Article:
To combat this occurrence, many anglers like to add a trailer hook attached to the bait's main hook to increase their odds of hooking up.
Oftentimes anglers are hesitant to fish these baits around heavy cover due to the dangling trailer hook's propensity for getting snagged. "I generally will use the type of cover I'm fishing around to dictate whether or not I'll have a trailer hook," Elite Series pro John Crews explains.
"If I'm fishing around really heavy cover — wood or grass — I'm less inclined to use one because of the increased potential of getting hung up. If I think I can get away with using a trailer hook, I will." Since Crews rarely fishes a spinnerbait in open water, that should tell you something.
However, Crews explains that if given his choice, he'd rather not have to use a trailer hook, but rarely takes a chance by not having one in place. "I'm two-to-one in favor of having a fish on the main hook because it's got fewer failure points," he says. "At the end of the day though, I'm more in favor of having the fish on any hook at all, which is the reason that I'll use a trailer hook."
On a buzzbait, Crews says that he uses a trailer hook "about half the time," whereas on his spinnerbait, he says that it's "a little more than that." This is particularly true when he adds a plastic trailer to either bait.
"When you add bulk to the back of either bait, it's especially important to add a trailer hook to it. If you don't, the fish will have a tendency to strike at the bulkiest part of the bait, and in many cases will miss the main hook."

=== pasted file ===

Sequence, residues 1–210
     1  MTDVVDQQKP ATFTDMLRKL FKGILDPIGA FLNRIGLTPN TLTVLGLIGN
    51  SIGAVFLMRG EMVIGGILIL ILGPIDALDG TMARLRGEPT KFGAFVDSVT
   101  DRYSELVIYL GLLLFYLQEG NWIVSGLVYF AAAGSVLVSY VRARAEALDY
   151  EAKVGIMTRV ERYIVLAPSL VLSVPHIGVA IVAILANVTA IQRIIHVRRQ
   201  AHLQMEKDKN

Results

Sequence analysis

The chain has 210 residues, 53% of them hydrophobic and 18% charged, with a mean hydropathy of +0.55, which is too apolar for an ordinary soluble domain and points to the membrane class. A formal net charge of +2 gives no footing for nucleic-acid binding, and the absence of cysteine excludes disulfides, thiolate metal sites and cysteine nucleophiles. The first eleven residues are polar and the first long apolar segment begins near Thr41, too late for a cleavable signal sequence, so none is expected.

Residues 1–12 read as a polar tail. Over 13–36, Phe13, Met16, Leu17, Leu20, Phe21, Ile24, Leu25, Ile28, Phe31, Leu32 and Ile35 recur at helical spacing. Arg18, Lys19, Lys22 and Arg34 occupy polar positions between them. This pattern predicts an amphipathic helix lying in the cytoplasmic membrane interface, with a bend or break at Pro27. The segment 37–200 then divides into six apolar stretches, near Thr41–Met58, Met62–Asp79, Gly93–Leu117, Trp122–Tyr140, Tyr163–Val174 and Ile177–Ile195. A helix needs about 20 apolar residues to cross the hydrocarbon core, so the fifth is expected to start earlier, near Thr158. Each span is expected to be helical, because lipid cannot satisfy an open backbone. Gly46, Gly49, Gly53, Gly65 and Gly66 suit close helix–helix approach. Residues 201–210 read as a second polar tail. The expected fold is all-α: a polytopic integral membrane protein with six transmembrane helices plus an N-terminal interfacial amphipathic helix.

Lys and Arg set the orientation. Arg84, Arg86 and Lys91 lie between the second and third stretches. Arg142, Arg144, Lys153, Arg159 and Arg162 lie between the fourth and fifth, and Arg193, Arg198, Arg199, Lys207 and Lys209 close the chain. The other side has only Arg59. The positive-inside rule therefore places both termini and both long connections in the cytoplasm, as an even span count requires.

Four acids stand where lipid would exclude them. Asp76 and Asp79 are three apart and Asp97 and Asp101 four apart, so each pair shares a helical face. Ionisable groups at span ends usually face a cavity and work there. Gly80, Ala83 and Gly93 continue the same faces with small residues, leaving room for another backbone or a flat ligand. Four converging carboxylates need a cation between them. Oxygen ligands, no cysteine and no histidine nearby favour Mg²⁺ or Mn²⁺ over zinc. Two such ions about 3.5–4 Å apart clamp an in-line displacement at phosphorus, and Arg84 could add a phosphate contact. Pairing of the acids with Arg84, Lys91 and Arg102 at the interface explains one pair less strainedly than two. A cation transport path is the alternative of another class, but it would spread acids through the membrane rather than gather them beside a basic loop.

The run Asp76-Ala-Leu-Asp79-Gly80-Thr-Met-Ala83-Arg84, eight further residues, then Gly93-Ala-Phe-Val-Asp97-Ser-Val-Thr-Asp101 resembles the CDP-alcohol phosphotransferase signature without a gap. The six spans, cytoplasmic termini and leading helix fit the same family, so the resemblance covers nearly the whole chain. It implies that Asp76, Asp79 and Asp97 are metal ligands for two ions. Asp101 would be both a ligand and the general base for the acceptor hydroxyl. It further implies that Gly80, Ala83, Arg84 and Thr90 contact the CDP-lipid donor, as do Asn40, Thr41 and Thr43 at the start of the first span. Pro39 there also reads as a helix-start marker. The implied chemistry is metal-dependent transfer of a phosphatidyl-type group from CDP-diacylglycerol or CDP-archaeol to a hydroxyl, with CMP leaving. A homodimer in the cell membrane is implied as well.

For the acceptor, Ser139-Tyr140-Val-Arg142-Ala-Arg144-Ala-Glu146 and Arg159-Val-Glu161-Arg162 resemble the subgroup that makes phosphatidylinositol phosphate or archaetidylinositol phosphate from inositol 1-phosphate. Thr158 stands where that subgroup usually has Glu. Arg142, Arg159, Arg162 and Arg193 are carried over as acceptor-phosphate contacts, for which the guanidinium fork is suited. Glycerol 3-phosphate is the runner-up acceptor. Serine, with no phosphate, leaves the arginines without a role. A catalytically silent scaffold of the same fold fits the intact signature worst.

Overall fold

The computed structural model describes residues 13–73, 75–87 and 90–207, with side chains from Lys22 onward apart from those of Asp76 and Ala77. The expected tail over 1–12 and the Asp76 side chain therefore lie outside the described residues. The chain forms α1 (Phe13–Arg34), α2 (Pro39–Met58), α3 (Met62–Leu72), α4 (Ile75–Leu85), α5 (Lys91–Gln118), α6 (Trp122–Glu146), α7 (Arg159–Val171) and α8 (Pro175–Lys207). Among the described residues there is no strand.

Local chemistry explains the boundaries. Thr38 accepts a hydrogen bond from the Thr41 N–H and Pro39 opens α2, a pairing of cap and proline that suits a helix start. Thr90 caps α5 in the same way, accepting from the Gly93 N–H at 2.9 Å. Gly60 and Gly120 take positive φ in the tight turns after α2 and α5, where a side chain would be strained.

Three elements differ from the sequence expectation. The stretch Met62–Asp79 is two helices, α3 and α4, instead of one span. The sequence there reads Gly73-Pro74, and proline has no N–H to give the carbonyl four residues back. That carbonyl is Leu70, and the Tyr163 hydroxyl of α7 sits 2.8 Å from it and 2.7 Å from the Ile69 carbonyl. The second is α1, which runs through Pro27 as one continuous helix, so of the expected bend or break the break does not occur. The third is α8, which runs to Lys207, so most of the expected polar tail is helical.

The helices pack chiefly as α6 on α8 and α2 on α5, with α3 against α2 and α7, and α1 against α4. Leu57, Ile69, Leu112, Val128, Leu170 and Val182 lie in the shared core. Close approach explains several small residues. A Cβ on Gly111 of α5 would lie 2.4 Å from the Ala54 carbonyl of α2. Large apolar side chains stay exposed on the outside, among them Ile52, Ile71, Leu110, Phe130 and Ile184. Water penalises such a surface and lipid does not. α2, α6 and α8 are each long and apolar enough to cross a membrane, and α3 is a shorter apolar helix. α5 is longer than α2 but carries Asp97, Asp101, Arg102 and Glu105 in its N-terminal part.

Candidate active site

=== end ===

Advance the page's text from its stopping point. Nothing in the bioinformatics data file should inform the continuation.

Crews explains that he prefers a single, straight-shank, 2/0 or 3/0 hook designed to be a trailer hook, and never uses multiple trailer or treble hooks as a "stinger" trailing the bait. "I've experimented with that some, but I've never had much success with it," he says. "I actually feel like it impedes some of the action in the bait, and if your fish are striking it that short, to the point that you need multiple trailer hooks, you're more than likely fishing the wrong color."
Short strikes, while somewhat common when fishing either a spinnerbait or buzzbait, aren't necessarily the deciding factor when determining whether a trailer hook should be employed, according to Crews. "If you're getting seven out of 10 fish on your main hook, and only three out of 10 are getting the trailer, you're pretty much dialed in," he says.
"On the other hand, if only three are hitting the main hook, you need to change colors or retrieve speed." Water clarity also impacts Crews' decision making process when it comes to trailer hooks. "The clearer the water, the more it seems like you need a trailer hook," he says.
"If you're dialed in to the right color in stained water, you can get away with not having a trailer hook because the bass can't get a good look at the bait. "But in super-clear water, even if you're burning it, you need the trailer hook."